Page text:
Gypsy peppers and housemade sausage 15

I was very excited to taste the restaurant's famous pizzas, but I was a little disappointed. The toppings were great -- fresh red peppers and onions and delicious sausage -- but the crust was too burnt, dry, and bland. It couldn't live up to the great pizza I had at Picco.

Margherita di bufula 15

The crust on the margherita suffered the same burnt downfall. I did, however, love the fresh tomato sauce and cheese. The fresh mozzarella was probably the best thing I ate that night -- I just wish there were more!

A Blossom Bluff Summer lady from the wood oven with vanilla ice cream 8

Reading the menu, I had no clue what a "Blossom Bluff Summer lady" was. But it sounded provocative, and anything from the wood oven couldn't be bad right? Much to my delight, a baked peach arrived; a ripe, juicy, height-of-summer peach, at that. Once again, I found it way too burnt, but that was easily overlooked with the wonderful peach juices swimming in the bowl, and the rich, creamy vanilla ice cream that accompanied.

Bakesale Betty’s plum pie a la mode 8

Bakesale Betty founder Alison Barakat is another Chez Panisse alum, and she recently opened a retail location right down the block from Pizzaiolo. Fortunately, I got to taste her goods even though her store had closed for the day. The pie was wonderful; the plum filling was juicy and tart, and the pie crust was flaky and light. However, some of the more flaky pieces and the rim suffered the same burnt fate, which rendered my favorite crusty parts inedible. What a shame.

I knew bringing my camera into restrooms would pay off one day; here, I've captured the great Chez Panisse seal of quality.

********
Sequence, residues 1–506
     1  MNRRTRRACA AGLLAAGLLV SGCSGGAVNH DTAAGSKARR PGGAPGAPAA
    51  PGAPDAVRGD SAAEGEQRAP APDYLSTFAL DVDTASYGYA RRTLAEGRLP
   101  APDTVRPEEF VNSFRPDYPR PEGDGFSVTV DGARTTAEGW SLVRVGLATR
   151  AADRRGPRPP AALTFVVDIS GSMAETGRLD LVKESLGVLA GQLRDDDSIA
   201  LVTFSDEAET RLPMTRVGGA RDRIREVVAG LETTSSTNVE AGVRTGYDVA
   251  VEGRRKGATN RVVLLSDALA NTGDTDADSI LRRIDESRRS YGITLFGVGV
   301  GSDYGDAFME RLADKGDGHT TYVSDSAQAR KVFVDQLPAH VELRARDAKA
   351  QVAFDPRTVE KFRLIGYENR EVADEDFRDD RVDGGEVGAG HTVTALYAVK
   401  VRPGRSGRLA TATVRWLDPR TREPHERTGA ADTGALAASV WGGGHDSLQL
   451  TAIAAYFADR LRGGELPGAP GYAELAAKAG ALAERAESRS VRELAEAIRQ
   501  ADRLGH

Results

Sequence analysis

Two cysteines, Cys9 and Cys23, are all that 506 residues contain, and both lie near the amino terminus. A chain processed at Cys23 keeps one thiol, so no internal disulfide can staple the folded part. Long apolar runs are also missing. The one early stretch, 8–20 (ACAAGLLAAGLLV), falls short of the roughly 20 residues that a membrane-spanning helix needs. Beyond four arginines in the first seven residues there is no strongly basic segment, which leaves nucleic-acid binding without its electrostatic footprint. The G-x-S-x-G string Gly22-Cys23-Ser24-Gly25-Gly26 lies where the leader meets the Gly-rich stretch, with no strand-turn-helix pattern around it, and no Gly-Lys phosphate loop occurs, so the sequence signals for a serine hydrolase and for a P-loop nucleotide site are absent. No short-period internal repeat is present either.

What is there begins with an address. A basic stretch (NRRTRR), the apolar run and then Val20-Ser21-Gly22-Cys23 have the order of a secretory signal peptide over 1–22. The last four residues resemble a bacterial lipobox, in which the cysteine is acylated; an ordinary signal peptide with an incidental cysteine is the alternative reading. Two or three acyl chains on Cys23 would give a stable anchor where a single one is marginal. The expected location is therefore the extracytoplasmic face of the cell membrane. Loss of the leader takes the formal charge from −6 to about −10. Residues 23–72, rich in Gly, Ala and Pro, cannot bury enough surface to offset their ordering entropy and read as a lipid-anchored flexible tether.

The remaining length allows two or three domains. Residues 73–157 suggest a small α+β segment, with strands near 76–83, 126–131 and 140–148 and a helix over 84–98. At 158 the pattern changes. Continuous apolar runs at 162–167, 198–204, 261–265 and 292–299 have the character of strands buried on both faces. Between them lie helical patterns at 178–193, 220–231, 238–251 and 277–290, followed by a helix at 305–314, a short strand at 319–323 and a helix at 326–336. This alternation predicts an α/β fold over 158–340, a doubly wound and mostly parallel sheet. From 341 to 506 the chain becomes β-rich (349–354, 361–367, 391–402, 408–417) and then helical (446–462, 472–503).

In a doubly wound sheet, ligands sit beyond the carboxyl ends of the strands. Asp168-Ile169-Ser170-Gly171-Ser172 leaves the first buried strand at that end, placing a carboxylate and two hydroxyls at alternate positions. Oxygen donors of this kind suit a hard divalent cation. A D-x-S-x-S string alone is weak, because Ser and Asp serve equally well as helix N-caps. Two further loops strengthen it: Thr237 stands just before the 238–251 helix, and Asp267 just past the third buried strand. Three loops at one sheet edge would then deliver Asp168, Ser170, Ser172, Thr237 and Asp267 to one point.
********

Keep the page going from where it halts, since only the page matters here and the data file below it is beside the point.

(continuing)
Pizzaiolo offers fresh, lovingly-prepared food at great prices, but it really needs to watch the temperature in that oven. Service was efficient, and atmosphere was warm and crowd-friendly.

5008 Telegraph Ave.
Oakland, CA
(510) 652-4888


Thursday, October 12, 2006

El Tonayense Taco Truck
Ok, I admit it. Prior to this summer, I'd never eaten a taco truck taco, no less consume anything out of a parked vehicle. Timing was always an issue; everytime I drove by one of these I was just too full to eat. So one day, I made it a point to be hungry in the late afternoon to finally try the offerings of these culinary destinations on wheels (some others prefer to call them, "roach coaches").

El Tonayense parked near Best Buy

Carne asada taco ~1.30

Without nearby tables and chairs, I ate this on the trunk of my car, which I enjoyed since it actually felt like summer in San Francisco. My taco was overflowing with meat, to the point I had to brush some off and eat it separately. The beef was a bit less tender than I expected, but it was well-seasoned and hearty. Combined with the salsa and a squeeze of lime, the whole taco was a refreshingly zesty.

And then I grabbed another to go.

Taco trucks are a great asset to San Francisco. Tasty, cheap, and convenient, these trucks could very well reduce hunger for the masses (which I'm sure they already do). Now, if only I could just hunt down that fabled sushi truck.

El Tonayense
14th and Harrison
San Francisco, CA


Friday, October 06, 2006

I apologize for my lack of updates--school has been insanely busy. I've been sleeping in fewer than 3 hour increments, and going through the day fueled by coffee, my liquid crack. Here is what my desk typically looked like the past week:

MacBook, Finance notes, Gimme Coffee!, Starbucks, frumpy Chinese takeout, comforting carbs (previously on blue plate)

As you can see, quality of life is not at the top of my priority list. However, I do realize I need those nifty omega-3s for brain enhancing.

Salmon Bento

Plum Tree, one of the three Japanese restaurants in Ithaca (literally), offers a good lunch deal on their bentos. You get two good-sized chunks of grilled salmon, some california roll, edamame, salad, and rice for about $11. Pretty good deal for college students.

Is it good? Well, the teriyaki sauce is a bit too sweet, the salmon is tough and overdone, but hey, it hits the spot. And its better than living off takeout tofu and vegetables or cold sandwiches all day.

For you lucky ones in SF, there is a Sunday dinner at the Ferry Building at 7. Not only will you enjoy a five course meal from chefs of some of the city's best restaurants (Dining Room at Rit, Fifth Floor, Campton Place, Picco, Quince, etc), you'll also be supporting the Center for Urban Education about Sustainable Organization (CUESA). And that's pretty awesome.